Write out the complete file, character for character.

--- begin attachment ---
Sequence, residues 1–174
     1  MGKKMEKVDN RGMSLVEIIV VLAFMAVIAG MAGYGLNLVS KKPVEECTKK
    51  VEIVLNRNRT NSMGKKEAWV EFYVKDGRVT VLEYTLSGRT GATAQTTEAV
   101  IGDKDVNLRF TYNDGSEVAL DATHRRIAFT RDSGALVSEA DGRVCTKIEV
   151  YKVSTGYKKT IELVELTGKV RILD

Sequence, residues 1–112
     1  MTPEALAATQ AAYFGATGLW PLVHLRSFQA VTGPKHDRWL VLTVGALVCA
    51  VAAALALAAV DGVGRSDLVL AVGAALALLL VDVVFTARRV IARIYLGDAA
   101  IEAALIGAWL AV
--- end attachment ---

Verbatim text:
Sequence, residues 1–174
     1  MGKKMEKVDN RGMSLVEIIV VLAFMAVIAG MAGYGLNLVS KKPVEECTKK
    51  VEIVLNRNRT NSMGKKEAWV EFYVKDGRVT VLEYTLSGRT GATAQTTEAV
   101  IGDKDVNLRF TYNDGSEVAL DATHRRIAFT RDSGALVSEA DGRVCTKIEV
   151  YKVSTGYKKT IELVELTGKV RILD

Sequence, residues 1–112
     1  MTPEALAATQ AAYFGATGLW PLVHLRSFQA VTGPKHDRWL VLTVGALVCA
    51  VAAALALAAV DGVGRSDLVL AVGAALALLL VDVVFTARRV IARIYLGDAA
   101  IEAALIGAWL AV